No. 41




How Can We Avoid Failure in Developing European Defence Cooperation? Europe’s Strategic Autonomy Initiative from the Estonian Perspective

10 June 2020


RiTo No. 41, 2020

The article discusses whether the recently proposed initiatives in the European Union to enhance defence cooperation could strengthen European security, and why these have failed to garner widespread support in Estonia.

Cooperation in foreign and security policy is critical for the survival of the European Union. Keeping Europe peaceful has been the key goal of the integration of nations over the last century; however, the current security environment puts this in a very immediate risk. In order to give more weight to Europe in this field, the Belgian political analyst Sven Biscopi suggests reviewing the policies of the Union so far, and introducing extensive changes if necessary.

There is a clear need for new solutions because there is no reason to assume that policies that have not brought the desired results so far would now suddenly do that very thing. At the same time, the current EU security and defence cooperation framework document, the so-called global strategy, endorses the continuation of the current activities, but in an even broader scale and with increased financial means. The specific foreign policy interests of the EU have once again remained largely undefined. This undermines the EU’s ability to fully use its potential on the global scale and successfully represent the common interests of the EU, as well as its individual Member States.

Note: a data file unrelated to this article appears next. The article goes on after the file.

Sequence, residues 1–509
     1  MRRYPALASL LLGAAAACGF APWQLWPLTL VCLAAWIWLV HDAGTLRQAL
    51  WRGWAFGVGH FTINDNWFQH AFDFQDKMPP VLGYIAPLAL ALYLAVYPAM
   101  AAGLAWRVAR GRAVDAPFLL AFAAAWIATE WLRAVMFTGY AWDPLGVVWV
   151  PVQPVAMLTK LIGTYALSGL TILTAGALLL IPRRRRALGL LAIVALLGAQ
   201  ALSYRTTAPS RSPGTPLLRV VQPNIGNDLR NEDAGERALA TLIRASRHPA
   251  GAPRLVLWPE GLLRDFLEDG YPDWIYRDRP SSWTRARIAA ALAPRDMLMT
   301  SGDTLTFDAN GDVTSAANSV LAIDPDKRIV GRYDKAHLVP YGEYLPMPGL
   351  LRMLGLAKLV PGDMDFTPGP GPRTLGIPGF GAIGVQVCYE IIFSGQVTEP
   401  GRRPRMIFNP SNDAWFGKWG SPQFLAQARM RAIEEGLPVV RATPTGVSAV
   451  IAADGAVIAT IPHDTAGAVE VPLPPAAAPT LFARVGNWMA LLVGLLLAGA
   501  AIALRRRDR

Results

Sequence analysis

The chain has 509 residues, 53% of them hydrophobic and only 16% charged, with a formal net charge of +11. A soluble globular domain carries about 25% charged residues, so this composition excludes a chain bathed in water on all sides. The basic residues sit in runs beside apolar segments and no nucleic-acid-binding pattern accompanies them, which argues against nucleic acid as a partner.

There is also ambiguity around the recent EU defence cooperation initiative, i.e. Europe’s strategic autonomy. Among the EU Member States, the firmest supporter of the initiative is France, while Estonia has remained rather sceptical. This is ever more surprising because Estonians generally tend to support a more influential Europe that offers more security. The lack of clear understanding of the definition of European strategic autonomy is the main reason why Estonians have remained pessimistic about the initiative.

If the idea of European strategic autonomy is really something to take forward on the Union level, we need to find consensus on the tangible goals to be reached with this initiative, the abilities that we need in order to fulfil these goals, and the capabilities whose development should be set up as a priority. To find solutions, we need to keep a critical mindset by exercising strategic restraint; i.e. we need to acknowledge that the European Union cannot simultaneously deal with all the global problems and be a “friend and partner” to every country and regime. If improving European defence capability is something that the Member States also wish to uphold with their actions, keeping the EU unity and clearly defining the objectives will be key factors. The latter presumes – or rather, demands – a comprehensive public discussion. If such a discussion should start in Estonia in the near future, we must avoid getting caught up in antiquated ideas.